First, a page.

Mark Harris camp cries foul over Thom Tillis abortion ad

Posted by John Frank on April 28, 2014 

Republican Thom Tillis’ new television ad highlighting his opposition to abortion and gay marriage is turning heads – and eliciting reaction from rivals.

“Being conservative, it’s not something you say, it’s something you do,” he says in the 30-second spot, which notes his endorsement from National Right to Life, an anti-abortion organization. (See it below.)

The 30-second spot is airing in all markets except Charlotte and Raleigh as part of the campaign’s regular ad buy. It started early last week but Tillis’ campaign didn’t promote it until days later.

“We though it was a good message to close with,” said spokesman Jordan Shaw.

But rival Mark Harris’ campaign is pushing back. Spokesman Mike Rusher suggested touting Tills as a leader on the issues was disingenuous, saying his “actions don’t line up with the words.” He referred to Tillis’ remarks in 2012, amid the marriage amendment campaign, in which he told a college audience he expected the ban to be repealed in 20 years because of changing political sentiment.

“This is a perfect example of the massive difference between what Mr. Tillis is saying now to a conservative audience and what he did as an elected official with public statements predicting the marriage amendment would soon be overturned,” Harris said in a statement Monday.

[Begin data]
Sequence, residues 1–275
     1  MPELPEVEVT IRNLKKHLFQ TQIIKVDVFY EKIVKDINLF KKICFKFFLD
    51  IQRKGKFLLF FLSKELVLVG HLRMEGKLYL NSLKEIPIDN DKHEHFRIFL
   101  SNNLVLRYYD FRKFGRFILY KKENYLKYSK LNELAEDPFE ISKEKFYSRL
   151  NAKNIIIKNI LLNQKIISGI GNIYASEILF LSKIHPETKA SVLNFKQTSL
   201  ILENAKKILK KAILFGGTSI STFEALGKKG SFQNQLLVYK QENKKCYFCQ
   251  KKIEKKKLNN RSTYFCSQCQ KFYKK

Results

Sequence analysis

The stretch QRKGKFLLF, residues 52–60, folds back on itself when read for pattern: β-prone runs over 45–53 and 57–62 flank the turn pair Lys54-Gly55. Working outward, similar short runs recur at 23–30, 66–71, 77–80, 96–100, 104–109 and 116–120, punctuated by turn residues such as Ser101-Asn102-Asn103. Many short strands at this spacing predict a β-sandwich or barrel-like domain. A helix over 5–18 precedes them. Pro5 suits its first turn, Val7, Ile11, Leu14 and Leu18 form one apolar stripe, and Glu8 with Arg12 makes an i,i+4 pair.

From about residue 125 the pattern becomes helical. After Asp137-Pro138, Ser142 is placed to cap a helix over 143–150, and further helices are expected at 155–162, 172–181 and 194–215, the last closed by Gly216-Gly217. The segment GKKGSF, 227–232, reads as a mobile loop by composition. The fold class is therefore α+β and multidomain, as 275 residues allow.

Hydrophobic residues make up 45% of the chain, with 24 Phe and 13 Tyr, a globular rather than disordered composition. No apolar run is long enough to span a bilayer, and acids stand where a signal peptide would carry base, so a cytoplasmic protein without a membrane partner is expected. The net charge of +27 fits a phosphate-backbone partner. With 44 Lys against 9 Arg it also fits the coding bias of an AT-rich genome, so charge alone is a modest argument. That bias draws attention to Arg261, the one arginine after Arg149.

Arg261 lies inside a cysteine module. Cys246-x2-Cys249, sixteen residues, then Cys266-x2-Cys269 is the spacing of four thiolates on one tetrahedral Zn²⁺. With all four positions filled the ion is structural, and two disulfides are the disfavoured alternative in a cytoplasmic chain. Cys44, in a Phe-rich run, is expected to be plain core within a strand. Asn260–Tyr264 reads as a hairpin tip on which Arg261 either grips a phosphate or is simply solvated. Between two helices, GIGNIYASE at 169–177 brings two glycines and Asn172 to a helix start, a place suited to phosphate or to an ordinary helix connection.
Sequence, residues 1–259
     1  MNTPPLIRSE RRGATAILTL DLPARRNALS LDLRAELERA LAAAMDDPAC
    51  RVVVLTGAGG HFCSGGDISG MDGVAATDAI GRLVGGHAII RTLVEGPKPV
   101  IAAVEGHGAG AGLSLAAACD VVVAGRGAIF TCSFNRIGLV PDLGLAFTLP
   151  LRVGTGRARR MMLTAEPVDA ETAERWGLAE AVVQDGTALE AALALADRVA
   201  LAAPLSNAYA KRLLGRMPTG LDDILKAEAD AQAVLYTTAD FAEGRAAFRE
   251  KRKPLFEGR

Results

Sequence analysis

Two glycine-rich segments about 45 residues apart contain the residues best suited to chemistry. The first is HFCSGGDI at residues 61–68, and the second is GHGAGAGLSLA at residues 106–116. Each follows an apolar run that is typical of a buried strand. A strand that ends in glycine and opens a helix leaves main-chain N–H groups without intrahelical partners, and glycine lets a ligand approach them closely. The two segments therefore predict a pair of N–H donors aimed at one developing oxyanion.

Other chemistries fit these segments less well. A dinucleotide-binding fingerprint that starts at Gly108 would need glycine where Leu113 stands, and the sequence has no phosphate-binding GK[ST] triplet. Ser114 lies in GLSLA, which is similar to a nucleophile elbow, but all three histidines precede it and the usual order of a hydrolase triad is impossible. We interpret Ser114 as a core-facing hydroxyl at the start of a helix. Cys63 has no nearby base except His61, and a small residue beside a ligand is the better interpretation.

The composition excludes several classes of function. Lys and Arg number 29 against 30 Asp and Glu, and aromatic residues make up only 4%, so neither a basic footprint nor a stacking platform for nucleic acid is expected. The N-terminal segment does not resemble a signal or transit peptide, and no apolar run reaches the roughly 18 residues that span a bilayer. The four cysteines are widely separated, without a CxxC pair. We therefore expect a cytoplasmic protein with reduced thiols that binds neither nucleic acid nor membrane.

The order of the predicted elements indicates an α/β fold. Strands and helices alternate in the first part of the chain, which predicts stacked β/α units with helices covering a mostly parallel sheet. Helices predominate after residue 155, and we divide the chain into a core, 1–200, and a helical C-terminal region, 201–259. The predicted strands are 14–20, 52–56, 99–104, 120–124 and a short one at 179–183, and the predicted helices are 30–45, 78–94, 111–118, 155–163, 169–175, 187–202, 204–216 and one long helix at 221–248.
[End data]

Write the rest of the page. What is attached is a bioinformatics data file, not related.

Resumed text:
Harris has staked out ground as the social conservative candidate, winning endorsements from the political committees of the National Organization of Marriage, Concerned Women for America and the Family Research Council, three leading organizations.

“How in the world can (Tillis) take that much credit if NOM has endorsed Mark over him,” Rusher said.

Democrats, too, jumped on the ad, which may have implications for the fall race. Tillis largely aligned himself with the more conservative end of his party when it came to abortion issues in this campaign.

“Tillis has a record of reducing women’s access to health care and even supports measures that could make birth control illegal,” said Sadie Weiner, a Kay Hagan campaign spokeswoman, in a statement.

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